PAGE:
Improve Your Life


I have yet to meet a person who has never been offended. Life, even at its best, has rough edges that cause wounds. Just remember, forgiveness is one positive way to life improvement.       

Sunday, March 18, 2018

Resilience: Key to Success


RESILIENCE: KEY to SUCCESS


Resilience is a word you don’t hear too often but it’s a valuable character trait.

When life is flowing easily, who needs resilience? It’s when life gets hard or seems to come to a standstill that it becomes an asset.

When I think of resilience I think of palm trees bending with the wind. I think of water flowing around the boulder in a stream. I think of perseverance. I think of options. If I can’t go right, what happens if I go left?

A Note of Encouragement


My brother sent some notes from a recent conference. His comments caused me to consider the connection between resilience and success.

He said, “You will either have resiliency or depression, discouragement and stagnation.” As a caregiver I had already decided I wanted to avoid that negative trilogy.

His next comment surprised me. “Your note indicates to me that you are following the prescription for success in life, being resilient. Keep it up.” That was encouraging! I went back to my email to see what he meant?

Resilience in Action


The first thing I read was about our driving adjustment. People who know me well know I’ve always identified with Driving Miss Daisy. For over fifty years my husband enjoyed driving and I enjoyed the ride. Now I drive and he rides. Our agreement that he won’t tell me HOW to drive is kept ninety-nine percent of the time.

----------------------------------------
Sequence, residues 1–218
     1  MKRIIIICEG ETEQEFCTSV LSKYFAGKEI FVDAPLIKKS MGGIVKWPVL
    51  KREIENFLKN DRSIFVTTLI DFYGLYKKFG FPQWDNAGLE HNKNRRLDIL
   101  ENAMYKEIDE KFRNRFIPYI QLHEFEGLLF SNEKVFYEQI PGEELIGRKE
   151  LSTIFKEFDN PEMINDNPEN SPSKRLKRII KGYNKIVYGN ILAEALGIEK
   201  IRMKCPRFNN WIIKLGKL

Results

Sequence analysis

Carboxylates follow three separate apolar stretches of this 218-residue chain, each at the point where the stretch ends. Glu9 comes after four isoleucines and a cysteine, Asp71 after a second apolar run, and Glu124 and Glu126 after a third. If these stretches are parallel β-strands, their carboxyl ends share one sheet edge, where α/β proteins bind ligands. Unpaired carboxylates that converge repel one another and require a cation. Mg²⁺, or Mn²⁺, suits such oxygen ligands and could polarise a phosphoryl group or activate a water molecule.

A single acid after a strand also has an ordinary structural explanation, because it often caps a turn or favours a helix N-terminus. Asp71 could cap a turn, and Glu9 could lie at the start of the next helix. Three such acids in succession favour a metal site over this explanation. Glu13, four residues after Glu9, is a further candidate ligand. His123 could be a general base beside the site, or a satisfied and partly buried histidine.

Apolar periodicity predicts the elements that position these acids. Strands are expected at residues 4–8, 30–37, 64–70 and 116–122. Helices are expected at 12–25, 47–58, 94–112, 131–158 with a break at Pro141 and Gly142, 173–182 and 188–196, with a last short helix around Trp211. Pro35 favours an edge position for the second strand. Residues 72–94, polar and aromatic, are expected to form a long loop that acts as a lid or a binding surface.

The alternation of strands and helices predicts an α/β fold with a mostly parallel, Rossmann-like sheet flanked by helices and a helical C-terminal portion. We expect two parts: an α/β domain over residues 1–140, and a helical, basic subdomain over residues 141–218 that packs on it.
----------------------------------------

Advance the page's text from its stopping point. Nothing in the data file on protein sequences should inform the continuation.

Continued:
I also shared how we were planning to pay off bills without the extra income option. Then I had written “Hey . . . God is good! Life is rolling along and I’m trying to give myself LOTS of freedom since I’m on tap all the time. I so enjoy reading since I can pick it up and lay it down. Writing is too consuming in many ways, so I’m happy just to keep up my weekly inspirational story.”

Years ago, my husband and I took seriously a comment made by a dear friend: “Blessed are the flexible for they shall not be broken.” That simple reminder was something I was still trying to put into practice.


Tears for How Long?


A recent devotional was based on Psalm 84:5-7. It mentions people on a pilgrimage passing through the Valley of Baca. The Amplified Bible explains it as the valley of weeping. As a caregiver I admit I have shed tears of disappointment and frustration. But early on I made up my mind I did not want to remain in the valley.

These few verses reminded me that our journey from earth to heaven is a pilgrimage, filled with challenges and unknowns. Yet we can move forward from strength to strength in faith that comes from God.

Faith lifts me up, out, over, around, or past challenges that threaten to be insurmountable, unstoppable, or unsolvable.

Wanted: Resilience